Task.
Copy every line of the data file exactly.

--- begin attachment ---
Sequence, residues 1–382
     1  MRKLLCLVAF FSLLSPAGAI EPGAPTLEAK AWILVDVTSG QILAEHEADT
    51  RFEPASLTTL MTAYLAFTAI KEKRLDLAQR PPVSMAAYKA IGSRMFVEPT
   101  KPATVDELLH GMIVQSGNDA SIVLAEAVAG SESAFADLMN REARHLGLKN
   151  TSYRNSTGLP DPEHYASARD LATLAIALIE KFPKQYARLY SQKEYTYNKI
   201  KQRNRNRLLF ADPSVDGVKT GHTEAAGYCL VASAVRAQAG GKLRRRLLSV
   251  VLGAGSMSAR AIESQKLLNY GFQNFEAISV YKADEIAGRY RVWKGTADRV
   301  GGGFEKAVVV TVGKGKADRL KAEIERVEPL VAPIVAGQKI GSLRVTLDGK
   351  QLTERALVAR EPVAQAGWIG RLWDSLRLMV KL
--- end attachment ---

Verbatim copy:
Sequence, residues 1–382
     1  MRKLLCLVAF FSLLSPAGAI EPGAPTLEAK AWILVDVTSG QILAEHEADT
    51  RFEPASLTTL MTAYLAFTAI KEKRLDLAQR PPVSMAAYKA IGSRMFVEPT
   101  KPATVDELLH GMIVQSGNDA SIVLAEAVAG SESAFADLMN REARHLGLKN
   151  TSYRNSTGLP DPEHYASARD LATLAIALIE KFPKQYARLY SQKEYTYNKI
   201  KQRNRNRLLF ADPSVDGVKT GHTEAAGYCL VASAVRAQAG GKLRRRLLSV
   251  VLGAGSMSAR AIESQKLLNY GFQNFEAISV YKADEIAGRY RVWKGTADRV
   301  GGGFEKAVVV TVGKGKADRL KAEIERVEPL VAPIVAGQKI GSLRVTLDGK
   351  QLTERALVAR EPVAQAGWIG RLWDSLRLMV KL